Once you get it, you become marginalised like him. Suddenly, yet imperceptibly his truth, his inclusivity, his compassion, his humility become yours and you can never go back.

Once we have seen what Jesus sees and become what Jesus is, we don’t fit back at the school reunion and under the yellow ribboned, old oak tree. Going home is a nightmare just like Nazareth was for him.

So much for the “family values” lobby.  Jesus has just puked over the picket fence!

We all have to leave home and never return.  It’s the Jesus way.

Leaving the shadows – Epiphany3

John 1:43-51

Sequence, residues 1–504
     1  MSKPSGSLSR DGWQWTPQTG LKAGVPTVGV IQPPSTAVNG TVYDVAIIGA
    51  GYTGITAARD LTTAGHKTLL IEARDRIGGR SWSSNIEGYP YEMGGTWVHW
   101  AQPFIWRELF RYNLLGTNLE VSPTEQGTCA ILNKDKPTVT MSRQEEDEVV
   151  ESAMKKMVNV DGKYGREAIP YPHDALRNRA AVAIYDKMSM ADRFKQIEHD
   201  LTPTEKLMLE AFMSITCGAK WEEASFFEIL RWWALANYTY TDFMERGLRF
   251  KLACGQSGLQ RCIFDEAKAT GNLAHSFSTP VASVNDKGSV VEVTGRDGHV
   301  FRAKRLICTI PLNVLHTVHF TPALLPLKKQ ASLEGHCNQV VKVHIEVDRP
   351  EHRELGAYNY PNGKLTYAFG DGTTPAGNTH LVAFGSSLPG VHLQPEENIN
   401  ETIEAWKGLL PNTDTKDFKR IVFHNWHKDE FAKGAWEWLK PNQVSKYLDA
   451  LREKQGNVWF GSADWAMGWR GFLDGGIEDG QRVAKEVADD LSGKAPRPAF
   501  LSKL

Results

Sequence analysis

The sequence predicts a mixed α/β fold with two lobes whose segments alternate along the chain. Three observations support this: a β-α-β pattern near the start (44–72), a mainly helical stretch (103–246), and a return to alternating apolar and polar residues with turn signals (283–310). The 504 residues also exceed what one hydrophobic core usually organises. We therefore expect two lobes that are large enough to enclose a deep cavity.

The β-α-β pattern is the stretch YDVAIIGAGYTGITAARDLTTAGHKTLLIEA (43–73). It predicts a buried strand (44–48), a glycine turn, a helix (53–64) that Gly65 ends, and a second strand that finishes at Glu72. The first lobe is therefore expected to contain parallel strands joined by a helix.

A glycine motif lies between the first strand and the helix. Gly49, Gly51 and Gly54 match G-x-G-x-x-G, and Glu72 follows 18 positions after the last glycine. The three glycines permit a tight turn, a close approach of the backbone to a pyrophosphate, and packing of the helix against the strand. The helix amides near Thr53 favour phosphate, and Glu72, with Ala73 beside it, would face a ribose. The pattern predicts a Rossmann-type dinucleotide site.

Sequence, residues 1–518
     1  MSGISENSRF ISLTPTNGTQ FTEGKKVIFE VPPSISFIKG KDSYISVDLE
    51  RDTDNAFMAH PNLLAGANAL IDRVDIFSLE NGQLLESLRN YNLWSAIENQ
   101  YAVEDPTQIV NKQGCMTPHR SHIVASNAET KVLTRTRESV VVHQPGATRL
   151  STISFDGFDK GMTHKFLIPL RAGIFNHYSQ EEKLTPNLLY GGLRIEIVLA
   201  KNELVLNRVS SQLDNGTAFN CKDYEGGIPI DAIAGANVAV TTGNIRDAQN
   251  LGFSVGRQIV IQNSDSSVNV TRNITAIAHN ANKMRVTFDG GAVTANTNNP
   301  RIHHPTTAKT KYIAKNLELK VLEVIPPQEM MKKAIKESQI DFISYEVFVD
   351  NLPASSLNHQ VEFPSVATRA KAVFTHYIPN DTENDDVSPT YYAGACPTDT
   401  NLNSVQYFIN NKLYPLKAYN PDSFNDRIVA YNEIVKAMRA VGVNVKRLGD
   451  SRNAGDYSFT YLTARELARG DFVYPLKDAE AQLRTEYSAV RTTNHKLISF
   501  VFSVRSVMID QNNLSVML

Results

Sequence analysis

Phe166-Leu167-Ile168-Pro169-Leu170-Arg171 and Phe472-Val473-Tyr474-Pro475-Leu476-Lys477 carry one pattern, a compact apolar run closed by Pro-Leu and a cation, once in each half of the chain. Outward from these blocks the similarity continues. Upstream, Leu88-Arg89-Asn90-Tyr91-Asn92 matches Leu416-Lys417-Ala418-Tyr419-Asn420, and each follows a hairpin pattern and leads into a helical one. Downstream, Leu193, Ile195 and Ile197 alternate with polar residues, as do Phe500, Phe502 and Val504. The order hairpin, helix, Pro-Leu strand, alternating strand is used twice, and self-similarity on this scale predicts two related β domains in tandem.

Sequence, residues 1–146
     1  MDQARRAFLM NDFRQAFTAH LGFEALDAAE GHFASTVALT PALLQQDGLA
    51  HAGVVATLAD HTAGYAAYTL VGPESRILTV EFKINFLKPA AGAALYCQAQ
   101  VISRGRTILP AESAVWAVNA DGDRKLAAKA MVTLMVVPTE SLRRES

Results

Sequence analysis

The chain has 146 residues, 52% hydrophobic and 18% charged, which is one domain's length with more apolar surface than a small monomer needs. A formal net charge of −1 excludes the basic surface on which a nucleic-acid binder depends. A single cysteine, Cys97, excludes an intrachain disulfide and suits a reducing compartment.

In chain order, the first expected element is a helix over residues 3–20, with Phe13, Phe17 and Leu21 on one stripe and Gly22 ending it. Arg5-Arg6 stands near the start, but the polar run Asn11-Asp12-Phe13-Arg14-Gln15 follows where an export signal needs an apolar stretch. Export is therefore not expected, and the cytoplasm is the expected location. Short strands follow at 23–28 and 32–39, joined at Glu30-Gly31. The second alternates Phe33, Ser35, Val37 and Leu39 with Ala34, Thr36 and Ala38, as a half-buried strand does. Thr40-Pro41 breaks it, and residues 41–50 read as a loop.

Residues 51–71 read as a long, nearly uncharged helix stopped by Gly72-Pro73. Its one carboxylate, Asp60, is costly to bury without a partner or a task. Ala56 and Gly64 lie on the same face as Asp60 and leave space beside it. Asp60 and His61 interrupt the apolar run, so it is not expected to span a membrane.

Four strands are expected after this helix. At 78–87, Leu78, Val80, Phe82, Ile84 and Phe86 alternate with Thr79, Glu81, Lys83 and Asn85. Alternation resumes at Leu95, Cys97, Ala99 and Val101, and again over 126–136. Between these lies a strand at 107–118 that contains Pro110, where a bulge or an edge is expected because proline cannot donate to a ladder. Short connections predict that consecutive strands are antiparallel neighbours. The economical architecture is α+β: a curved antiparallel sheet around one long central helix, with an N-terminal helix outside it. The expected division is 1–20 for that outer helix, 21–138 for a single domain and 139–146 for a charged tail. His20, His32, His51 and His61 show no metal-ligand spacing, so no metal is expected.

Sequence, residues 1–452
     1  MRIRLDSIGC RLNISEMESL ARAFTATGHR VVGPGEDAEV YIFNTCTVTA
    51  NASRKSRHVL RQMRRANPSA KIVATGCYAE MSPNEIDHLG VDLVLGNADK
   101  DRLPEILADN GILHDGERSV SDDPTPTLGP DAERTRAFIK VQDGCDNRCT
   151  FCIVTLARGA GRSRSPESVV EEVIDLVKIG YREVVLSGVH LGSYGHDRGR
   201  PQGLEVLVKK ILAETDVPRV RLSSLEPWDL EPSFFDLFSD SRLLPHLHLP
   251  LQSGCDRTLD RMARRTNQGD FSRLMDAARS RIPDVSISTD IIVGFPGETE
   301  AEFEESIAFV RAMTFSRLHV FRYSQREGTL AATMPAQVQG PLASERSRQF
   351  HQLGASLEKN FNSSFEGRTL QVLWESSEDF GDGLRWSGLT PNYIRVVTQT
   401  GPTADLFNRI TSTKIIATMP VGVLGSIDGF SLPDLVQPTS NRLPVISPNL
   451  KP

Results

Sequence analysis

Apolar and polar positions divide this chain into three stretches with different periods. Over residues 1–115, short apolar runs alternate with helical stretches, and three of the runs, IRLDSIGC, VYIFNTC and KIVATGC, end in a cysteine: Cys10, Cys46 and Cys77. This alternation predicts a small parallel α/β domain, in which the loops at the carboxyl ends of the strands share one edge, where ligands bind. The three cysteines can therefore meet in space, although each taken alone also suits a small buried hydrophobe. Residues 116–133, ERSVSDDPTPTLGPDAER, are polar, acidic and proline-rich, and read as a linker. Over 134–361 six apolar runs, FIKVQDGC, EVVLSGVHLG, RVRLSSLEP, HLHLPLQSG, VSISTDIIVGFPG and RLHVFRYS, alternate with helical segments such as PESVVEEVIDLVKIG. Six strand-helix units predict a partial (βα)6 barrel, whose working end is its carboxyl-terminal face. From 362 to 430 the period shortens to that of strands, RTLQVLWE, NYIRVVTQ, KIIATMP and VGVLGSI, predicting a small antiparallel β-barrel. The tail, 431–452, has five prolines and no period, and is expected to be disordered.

The next day Jesus decided to go to Galilee. He found Philip and said to him, “Follow me.” Now Philip was from Bethsaida, the city of Andrew and Peter. Philip found Nathanael and said to him, “We have found him about whom Moses in the law and also the prophets wrote, Jesus son of Joseph from Nazareth.” Nathanael said to him, “Can anything good come out of Nazareth?” Philip said to him, “Come and see.” When Jesus saw Nathanael coming toward him, he said of him, “Here is truly an Israelite in whom there is no deceit!” Nathanael asked him, “Where did you get to know me?” Jesus answered, “I saw you under the fig tree before Philip called you.” Nathanael replied, “Rabbi, you are the Son of God! You are the King of Israel!” Jesus answered, “Do you believe because I told you that I saw you under the fig tree? You will see greater things than these.” And he said to him, “Very truly, I tell you, you will see heaven opened and the angels of God ascending and descending upon the Son of Man.”